• Jack De Sena will always be Sokka.
  • Veronica Taylor, a.k.a. Ash Ketchum, has apparently had a hard time getting other work and seems rather bitter about it all. (At a panel she said something along the lines of "Being 'the voice of Ash Ketchum' is a great party trick, but it's never gotten me a job.") Still, she doesn't hold it against the character, and Ash is still one of her favorite roles.
  • Christopher Mintz-Plasse has said in interviews that he is trying to avoid being only known for McLovin.
    • Good luck with that one (also featuring Stiffler as a slightly older Stiffler).
  • Haley Joel Osment sees dead people, when he's not swinging a Keyblade around.
  • Sean Marquette is always Mac. Keith Ferguson is always Bloo.
  • Jon Heder = Napoleon Dynamite.
  • Travis Willingham = Roy Mustang.
  • Okay, say it with me now: "His name is Robert Paulson Pattinson NOT Edward Cullen!!!" But if you'd like, you can still call him "Cedric".
  • Christopher Reeve was just starting to escape his role as Superman. A new generation of moviegoers was just coming up and most of them hadn't seen that movie. Then he gets crippled and the newspapers can't say anything but "best known for his role as Superman..." Ouch.
    • Reeve wasn't typecast in the strict sense of the word, as he was given several very un-Superman-like roles. For one example, watch Death Trap where he plays a sort of naive hayseed mystery writer fanboy. Who turns out to be a murderous sociopath.
    • Christopher Reeve's case — where the "typecasting" was enforced by reporters who just couldn't pass up the cutesy-tragic "irony" of Superman in a wheelchair — is a kind of horrifying injustice.
    • Speaking of Superman, Brandon Routh is rarely seen in any new movie because of this.
      • For fans of Chuck, Routh has become Daniel Shaw. (Especially since many people have been doing their best to scour Superman Returns from their minds...)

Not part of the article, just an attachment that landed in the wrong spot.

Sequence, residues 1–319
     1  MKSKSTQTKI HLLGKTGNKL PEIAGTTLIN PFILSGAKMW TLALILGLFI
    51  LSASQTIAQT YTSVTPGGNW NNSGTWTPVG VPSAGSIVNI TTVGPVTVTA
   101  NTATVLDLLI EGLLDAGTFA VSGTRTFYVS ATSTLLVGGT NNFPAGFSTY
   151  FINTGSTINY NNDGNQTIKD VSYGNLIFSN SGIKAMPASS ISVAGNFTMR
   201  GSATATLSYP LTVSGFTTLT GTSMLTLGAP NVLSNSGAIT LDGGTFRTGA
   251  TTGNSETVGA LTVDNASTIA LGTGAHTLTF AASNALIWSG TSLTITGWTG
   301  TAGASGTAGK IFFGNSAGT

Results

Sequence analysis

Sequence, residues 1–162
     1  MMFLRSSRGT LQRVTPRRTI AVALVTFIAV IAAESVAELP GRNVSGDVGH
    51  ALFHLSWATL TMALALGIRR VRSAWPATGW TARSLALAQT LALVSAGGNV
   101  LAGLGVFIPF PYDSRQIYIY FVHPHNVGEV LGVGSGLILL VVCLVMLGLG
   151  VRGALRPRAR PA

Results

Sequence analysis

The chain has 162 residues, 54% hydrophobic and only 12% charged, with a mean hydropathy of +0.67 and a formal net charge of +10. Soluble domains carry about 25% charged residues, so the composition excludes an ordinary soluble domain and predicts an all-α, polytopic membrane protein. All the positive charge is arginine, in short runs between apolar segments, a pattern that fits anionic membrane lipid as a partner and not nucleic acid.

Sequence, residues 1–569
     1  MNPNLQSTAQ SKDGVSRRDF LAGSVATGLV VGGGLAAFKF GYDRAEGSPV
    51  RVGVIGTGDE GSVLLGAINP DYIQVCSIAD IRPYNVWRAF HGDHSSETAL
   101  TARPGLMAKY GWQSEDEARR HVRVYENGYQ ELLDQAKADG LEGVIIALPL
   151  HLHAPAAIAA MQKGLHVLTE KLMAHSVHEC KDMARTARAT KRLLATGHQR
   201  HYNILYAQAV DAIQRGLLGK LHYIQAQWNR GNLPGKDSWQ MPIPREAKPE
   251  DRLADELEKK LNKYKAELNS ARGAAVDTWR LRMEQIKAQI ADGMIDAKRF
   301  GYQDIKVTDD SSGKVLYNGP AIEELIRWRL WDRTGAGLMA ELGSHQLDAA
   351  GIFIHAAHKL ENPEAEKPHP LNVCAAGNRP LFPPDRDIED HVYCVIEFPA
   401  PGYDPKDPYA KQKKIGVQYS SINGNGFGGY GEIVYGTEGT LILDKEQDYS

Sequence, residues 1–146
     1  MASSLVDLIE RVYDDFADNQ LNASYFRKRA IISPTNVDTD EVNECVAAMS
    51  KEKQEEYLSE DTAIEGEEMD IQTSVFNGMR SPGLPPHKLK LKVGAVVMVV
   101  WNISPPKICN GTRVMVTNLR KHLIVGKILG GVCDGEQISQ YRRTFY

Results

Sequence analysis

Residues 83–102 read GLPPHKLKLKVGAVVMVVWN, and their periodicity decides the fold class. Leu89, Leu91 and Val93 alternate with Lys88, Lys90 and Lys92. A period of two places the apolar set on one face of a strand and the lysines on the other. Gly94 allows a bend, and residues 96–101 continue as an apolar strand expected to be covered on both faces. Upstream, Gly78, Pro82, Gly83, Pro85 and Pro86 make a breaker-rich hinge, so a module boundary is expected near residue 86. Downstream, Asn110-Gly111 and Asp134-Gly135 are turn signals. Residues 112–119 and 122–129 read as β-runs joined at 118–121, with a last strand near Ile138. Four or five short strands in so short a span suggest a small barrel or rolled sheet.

• There is something called "The Superman Curse", which states that actors playing Superman either A.) Cannot get serious work after they stop playing the role, B.) befall horrible tragedies, or C.) all of the above. This also falls true to most of the cast of any adaptation.
    • Smallville has a history of hiring actors who played roles in previous Superman roles, banking on their fame in fandom. All still living actors who played Superman at the beginning of the franchise have appeared in some form on the series. The Christopher Reeve movie's Lois Lane and Jimmy Olsen also showed up. In a bit of a subversion, Annette O'Toole was was hired for the role of Martha Kent (Superman's adoptive mother) without the producers remembering she had played Lana Lang (Superman's childhood girlfriend) in Superman III.
    • Dean Cain will always be Superman of Lois and Clark; particularly after the cartoons and comics versions of the Man of Steel took on the big-muscle chested look he put into the role.
    • An you have George Reeves' Superman in the 1950s Adventures of Superman. This was in part due to contractual obligations that sometimes prevented accepting movies with long schedules or extended theater tours.
  • Meagan Smith will always be remembered as Gwen Tennyson.
  • Christy Carlson Romano is either Kim Possible or Ren Stevens.
  • Good luck finding a role from Minoru Shiraishi aside from himself or Taniguchi.
  • Harry H. Corbett, who played Harold Steptoe in the UK sitcom Steptoe And Son, in the 1960s and 70s. Could be a trope definer; before Steptoe he was considered to be one of Britain's finest actors — "The British Marlon Brando". But Steptoe was a smash hit, and he was unable to break away from it for the rest of his life, despite coming to hate the character, the show, and especially his co-star Wilfred Brambell. (Note for US readers: "Sanford and Son" was based on Steptoe, if you didn't already know that)
  • Kevin Bacon suffered from this to the point where he would dread the eventuality of being asked to dance to Footloose. During an appearance on The Graham Norton Show they were kind enought to let him sit and watch the entire audience do it instead.
    • Now he's associated with Six Degrees of Kevin Bacon, and any guest appearances of him on a sitcom will allude to this.
  • While Tim Curry may have gained a good-sized cult following for his roles as Pennywise The Dancing Clown and The Lord Of Darkness, it's safe to assume that most people will automatically picture him in fishnets, corset, and high heels whenever his name is mentioned.
    • It even got to the point where he became very reluctant to talk about being in Rocky Horror for years since the fans started to creep him out, and he even went so far as to put on weight in order to distance himself from the role.
      • In recent years, however, he's become more open about talking about being in Rocky Horror and somewhat embraces the impact it has on teenagers calling it a "rite of passage".